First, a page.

The use of force in law enforcement is a good example. It is an affirmative necessity defense spelled out as a justification that protects the officer against a charge of assault or homicide. The conduct is prohibited—assaulting or killing a person—and the justification serves as an affirmative defense to a prosecution. We do not legalize police officers shooting suspects. We afford a necessity defense in extreme cases. How would this be any different than a necessity defense in the case of torturous interrogation? It wouldn’t be. The fact is, their characterization of criminal law is erroneous.
The way to properly style the question, then, is whether there is any reason to have a separate necessity provision for torturous interrogation? Is there any reason that the traditional necessity defense, codified in most penal statutes, should not suffice? (And note, we can’t simply fall back, ourselves, on the status quo argument).
So it is here, I would argue, that the release of the torture memos adds something important to the debate we were having. These memos are the reality check that prove the central benefit of the necessity approach: 20/20 hindsight. Yes, 20/20 hindsight! You may laugh and respond that ‘hindsight is 20/20.’ But that is precisely the point. And it is something we need to exploit, rather than mock. The necessity approach does just that: it uses the fact that hindsight is 20/20. It allows us to weigh evils when we actually know what we are talking about. We are not speculating anymore. We are not in the classroom throwing out hypotheticals. We can now see, with hindsight, both sides of the ledger. We can see which waterboarding techniques were actually used by interrogators, we can see that they were used 83 times in August 2002 against Al Qaeda suspect Abu Zubaydah and 183 times in March 2003 against Khalid Shaikh Mohammed, and we can determine with great precision what was obtained from those torturous interrogations—apparently very little in the case of Abu Zubaydah. We do not need to pass judgment ahead of time or protect anyone who acts in good faith. We can look at all the evidence dispassionately after the fact and determine who was right and who was wrong.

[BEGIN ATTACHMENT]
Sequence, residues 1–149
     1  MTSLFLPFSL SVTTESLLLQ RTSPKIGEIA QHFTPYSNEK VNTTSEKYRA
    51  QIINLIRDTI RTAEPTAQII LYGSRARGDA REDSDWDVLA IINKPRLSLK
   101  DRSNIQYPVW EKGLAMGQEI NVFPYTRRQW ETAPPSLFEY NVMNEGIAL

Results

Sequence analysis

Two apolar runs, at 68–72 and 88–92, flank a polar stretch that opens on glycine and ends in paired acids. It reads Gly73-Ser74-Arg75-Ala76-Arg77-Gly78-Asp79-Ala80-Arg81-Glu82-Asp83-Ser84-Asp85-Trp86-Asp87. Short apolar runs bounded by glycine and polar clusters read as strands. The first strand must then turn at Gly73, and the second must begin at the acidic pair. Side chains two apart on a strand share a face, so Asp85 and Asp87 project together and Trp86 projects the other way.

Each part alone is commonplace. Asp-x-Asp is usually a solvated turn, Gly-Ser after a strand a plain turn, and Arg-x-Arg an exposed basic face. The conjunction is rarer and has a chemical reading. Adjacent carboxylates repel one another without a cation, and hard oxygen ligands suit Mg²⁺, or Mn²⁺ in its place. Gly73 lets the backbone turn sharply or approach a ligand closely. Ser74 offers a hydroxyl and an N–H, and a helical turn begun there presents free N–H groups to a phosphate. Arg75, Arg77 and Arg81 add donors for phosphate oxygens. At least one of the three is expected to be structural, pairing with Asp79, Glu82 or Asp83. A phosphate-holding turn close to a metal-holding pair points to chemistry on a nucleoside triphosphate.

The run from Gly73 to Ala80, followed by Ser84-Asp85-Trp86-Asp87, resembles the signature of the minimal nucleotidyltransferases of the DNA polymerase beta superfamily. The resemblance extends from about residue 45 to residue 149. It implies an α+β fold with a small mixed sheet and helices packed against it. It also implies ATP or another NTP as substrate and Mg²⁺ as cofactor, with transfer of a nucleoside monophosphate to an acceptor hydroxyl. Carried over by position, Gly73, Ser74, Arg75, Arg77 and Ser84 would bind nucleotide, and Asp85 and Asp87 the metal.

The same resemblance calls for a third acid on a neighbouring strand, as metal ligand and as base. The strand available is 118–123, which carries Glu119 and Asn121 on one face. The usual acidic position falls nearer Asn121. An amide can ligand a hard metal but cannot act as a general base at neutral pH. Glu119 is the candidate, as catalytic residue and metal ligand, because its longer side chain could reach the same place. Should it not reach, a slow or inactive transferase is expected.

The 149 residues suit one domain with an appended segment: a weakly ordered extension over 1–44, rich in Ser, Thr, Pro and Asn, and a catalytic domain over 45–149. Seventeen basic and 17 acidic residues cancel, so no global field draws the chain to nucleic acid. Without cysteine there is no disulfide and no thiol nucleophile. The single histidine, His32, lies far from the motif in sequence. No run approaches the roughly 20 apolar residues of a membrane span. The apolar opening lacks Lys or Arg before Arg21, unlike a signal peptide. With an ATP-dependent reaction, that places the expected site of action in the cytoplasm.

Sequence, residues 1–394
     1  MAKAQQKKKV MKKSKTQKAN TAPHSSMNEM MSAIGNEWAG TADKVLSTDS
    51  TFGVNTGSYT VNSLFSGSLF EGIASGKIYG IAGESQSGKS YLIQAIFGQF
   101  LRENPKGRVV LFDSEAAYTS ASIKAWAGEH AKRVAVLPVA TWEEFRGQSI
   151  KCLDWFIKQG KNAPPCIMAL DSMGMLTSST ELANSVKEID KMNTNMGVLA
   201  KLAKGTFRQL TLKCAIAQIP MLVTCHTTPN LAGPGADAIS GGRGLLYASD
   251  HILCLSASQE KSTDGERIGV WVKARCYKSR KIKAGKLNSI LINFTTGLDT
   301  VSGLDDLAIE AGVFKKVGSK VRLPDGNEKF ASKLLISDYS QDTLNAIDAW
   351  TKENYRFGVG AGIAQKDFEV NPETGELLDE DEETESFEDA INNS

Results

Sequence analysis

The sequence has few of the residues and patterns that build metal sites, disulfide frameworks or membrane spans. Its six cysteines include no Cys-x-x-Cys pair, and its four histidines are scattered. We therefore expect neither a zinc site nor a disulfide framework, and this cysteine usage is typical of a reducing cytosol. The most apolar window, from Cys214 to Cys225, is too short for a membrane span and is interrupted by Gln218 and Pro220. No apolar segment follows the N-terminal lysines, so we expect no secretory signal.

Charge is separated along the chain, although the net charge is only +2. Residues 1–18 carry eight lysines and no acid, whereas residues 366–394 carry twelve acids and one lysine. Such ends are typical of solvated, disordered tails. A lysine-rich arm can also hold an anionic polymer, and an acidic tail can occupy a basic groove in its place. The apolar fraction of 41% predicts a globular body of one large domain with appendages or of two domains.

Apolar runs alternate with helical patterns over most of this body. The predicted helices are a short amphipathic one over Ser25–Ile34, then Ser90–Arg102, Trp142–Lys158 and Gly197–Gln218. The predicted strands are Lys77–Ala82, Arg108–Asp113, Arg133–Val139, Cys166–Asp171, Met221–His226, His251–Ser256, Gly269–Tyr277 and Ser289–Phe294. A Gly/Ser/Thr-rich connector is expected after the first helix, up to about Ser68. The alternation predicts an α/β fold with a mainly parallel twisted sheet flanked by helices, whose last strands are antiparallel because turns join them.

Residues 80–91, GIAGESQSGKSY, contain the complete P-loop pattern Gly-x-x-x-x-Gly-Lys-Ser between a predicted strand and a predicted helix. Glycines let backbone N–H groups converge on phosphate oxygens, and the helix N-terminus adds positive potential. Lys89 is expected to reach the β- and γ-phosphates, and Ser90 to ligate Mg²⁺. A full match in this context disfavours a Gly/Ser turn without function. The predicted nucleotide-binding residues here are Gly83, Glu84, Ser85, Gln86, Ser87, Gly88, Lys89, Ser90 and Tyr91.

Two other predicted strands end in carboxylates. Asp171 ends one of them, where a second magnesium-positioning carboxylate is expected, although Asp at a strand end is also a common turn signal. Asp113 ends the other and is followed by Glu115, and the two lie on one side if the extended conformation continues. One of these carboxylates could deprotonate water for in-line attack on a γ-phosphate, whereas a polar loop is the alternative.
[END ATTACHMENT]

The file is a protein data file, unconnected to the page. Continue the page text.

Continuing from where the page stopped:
The torture memos are, in my opinion, conclusive evidence that a backward looking legal regime is far superior to Posner and Vermeule’s proposed idea of legalizing and regulating torturous interrogation. Now, to the more pressing questions of impeachment and prosecutions. .. but I have to run to class now where I am teaching, believe it or not… the necessity defense!